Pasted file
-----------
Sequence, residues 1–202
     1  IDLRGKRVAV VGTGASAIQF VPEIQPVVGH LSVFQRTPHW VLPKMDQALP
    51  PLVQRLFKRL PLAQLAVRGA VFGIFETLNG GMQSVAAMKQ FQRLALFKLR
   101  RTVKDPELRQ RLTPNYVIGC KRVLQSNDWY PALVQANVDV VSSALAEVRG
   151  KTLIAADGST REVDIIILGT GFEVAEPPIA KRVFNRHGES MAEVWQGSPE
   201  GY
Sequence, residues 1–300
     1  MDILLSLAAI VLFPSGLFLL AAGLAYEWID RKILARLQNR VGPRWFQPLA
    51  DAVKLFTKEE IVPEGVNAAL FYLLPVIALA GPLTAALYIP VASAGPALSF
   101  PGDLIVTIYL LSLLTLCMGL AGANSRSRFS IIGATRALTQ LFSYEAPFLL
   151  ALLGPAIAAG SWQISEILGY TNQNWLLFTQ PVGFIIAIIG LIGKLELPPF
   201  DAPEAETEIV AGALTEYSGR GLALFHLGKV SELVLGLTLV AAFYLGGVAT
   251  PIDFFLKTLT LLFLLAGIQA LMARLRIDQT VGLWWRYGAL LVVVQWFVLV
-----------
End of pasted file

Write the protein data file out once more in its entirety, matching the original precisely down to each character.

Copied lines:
Sequence, residues 1–202
     1  IDLRGKRVAV VGTGASAIQF VPEIQPVVGH LSVFQRTPHW VLPKMDQALP
    51  PLVQRLFKRL PLAQLAVRGA VFGIFETLNG GMQSVAAMKQ FQRLALFKLR
   101  RTVKDPELRQ RLTPNYVIGC KRVLQSNDWY PALVQANVDV VSSALAEVRG
   151  KTLIAADGST REVDIIILGT GFEVAEPPIA KRVFNRHGES MAEVWQGSPE
   201  GY
Sequence, residues 1–300
     1  MDILLSLAAI VLFPSGLFLL AAGLAYEWID RKILARLQNR VGPRWFQPLA
    51  DAVKLFTKEE IVPEGVNAAL FYLLPVIALA GPLTAALYIP VASAGPALSF
   101  PGDLIVTIYL LSLLTLCMGL AGANSRSRFS IIGATRALTQ LFSYEAPFLL
   151  ALLGPAIAAG SWQISEILGY TNQNWLLFTQ PVGFIIAIIG LIGKLELPPF
   201  DAPEAETEIV AGALTEYSGR GLALFHLGKV SELVLGLTLV AAFYLGGVAT
   251  PIDFFLKTLT LLFLLAGIQA LMARLRIDQT VGLWWRYGAL LVVVQWFVLV